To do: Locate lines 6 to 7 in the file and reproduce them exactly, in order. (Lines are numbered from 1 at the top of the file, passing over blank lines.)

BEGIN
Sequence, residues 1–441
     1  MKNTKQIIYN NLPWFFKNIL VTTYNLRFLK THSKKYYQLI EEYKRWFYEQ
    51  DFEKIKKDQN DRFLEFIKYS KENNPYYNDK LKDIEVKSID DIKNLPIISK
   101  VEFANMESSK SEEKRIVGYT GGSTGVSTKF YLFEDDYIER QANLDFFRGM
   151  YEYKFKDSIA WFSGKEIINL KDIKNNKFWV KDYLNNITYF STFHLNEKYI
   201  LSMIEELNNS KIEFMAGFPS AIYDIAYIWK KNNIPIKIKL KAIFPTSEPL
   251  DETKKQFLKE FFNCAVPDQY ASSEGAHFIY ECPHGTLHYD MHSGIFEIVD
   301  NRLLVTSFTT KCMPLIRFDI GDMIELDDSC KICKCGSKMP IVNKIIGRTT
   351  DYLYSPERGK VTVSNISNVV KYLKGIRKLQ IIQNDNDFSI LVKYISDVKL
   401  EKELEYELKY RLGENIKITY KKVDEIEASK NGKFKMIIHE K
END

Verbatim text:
   201  LSMIEELNNS KIEFMAGFPS AIYDIAYIWK KNNIPIKIKL KAIFPTSEPL
   251  DETKKQFLKE FFNCAVPDQY ASSEGAHFIY ECPHGTLHYD MHSGIFEIVD